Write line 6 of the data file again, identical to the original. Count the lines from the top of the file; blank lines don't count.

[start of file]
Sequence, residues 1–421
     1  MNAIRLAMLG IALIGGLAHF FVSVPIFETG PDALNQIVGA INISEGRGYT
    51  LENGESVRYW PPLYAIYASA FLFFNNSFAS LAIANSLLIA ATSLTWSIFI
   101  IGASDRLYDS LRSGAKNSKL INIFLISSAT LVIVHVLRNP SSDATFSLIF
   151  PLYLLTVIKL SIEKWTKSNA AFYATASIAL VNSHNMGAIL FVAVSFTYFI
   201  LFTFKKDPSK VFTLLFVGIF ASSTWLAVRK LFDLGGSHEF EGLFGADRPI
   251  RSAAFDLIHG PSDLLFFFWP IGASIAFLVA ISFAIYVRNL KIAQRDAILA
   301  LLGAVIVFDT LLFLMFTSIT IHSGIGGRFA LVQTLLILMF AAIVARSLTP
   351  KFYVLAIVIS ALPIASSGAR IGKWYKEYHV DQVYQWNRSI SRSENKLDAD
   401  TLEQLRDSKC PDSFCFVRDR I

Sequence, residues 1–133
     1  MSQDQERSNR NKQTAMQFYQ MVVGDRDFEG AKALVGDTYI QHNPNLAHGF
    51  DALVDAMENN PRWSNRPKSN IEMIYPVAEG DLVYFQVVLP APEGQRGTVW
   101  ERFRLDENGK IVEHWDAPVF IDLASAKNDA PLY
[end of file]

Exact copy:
   201  LFTFKKDPSK VFTLLFVGIF ASSTWLAVRK LFDLGGSHEF EGLFGADRPI